Speaking of the highly interesting original concept, the centerpiece in the film are these peculiar artsy videos of a gloved hand using a really cool knife to slice open seemingly innocent females through their bellies...or, rather...their "gut". The videos are in DVD format that are evidently sent to Dan's home unlabeled in plain white sleeves. Which presents many theories as to whom may be behind the horrific deeds presented. It is a truly compelling thread that could unspool into many directions...and could offer several different outcomes. Instead, the script settles for loosely developed cliches and takes the entire film to a place that should have been gut-wrenching (pun intended) rather than a place we've been to before in much better films. What if the antagonist was Carl Weathers? That might've been pretty goddamn awesome. Just a suggestion.

The best performance in the film belongs to Sarah Schoofs as Tom's wife, Lily. She is a unique beauty that holds the entire family together. I'm not quite sure what she does all day, as the film never reveals that sort of detail. It's kind of alluded that Tom and Lily are working on another child due to them banging all the time and Tom never pulling out...but, you're only left to assume such a thing as the idea is never truly fleshed out. Sarah gives Lily such a sincere nice person quality that Tom comes across as a complete self-absorbed unengaged dick for most of their interaction which never really gives the film the necessary emotional connection for the final act. The chemistry, simply, is not there. Still, Schoofs is the best thing in this film. Hope to see much more of her in the genre.


Aside from Schoofs, the soundtrack is amazingly effective in the film. It helps create the dread for most of the running time. Props to Chvad SB (Chad Berhnard) for providing the disturbing soundscapes that complete the feel of the film. Also, much respect goes to the SFX department for creating some pretty awesome looking slices of gore for such a low budget affair. Really impressive stuff...just wish there was more of it.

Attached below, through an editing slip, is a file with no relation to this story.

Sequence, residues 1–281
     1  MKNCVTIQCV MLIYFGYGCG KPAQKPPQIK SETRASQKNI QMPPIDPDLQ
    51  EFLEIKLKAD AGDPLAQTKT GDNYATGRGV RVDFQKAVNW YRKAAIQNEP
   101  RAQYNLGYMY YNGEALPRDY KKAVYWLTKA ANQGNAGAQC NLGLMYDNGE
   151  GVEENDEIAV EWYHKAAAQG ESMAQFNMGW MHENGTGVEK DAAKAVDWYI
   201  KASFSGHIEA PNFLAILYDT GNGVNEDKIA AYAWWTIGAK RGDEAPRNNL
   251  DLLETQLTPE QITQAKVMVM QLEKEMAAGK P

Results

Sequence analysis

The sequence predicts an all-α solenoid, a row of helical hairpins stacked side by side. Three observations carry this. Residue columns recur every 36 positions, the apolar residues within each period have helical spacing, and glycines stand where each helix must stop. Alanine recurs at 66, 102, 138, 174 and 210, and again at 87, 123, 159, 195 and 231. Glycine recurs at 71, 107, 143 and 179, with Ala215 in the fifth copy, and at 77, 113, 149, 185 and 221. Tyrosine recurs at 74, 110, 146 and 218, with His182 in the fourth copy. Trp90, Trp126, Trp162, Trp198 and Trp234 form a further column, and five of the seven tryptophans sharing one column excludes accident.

I also loved the allusions to addiction and obsessive friendships. While it is never really hinted that Dan's friendship for Tom goes deeper than it is, you sort of get the impression that this guy might actually harbor some broader attraction for Tom...like in a "I wanna spoon with this guy and lick his earlobe while we watch horror movies together" kinda way. The obsessive nature in which our characters deal with the mysterious videos also help add to the depth of the story. Had Elias delved much deeper with these themes and committed to them rather than prance around them, the film would have been all the better for it and the result would have been much more transcendent and memorable.

Gut  is not a bad film. It's just not very great. Perhaps the most irritating thing about it is that it could've been something really special if Elias really spent some time fleshing out the details. Maybe giving more weight to the conclusion of the story instead of just randomly putting these characters in convenient situations for the final act. Like, what if Lily told Tom that she was expecting? That might've been a true gut-wrencher considering what happens at the film's conclusion. You'll find much better examples of bleak independent horror films out there but, I do respect Gut  for at least trying something different. You can do much worse these days.






Thanks for reading,

bryan.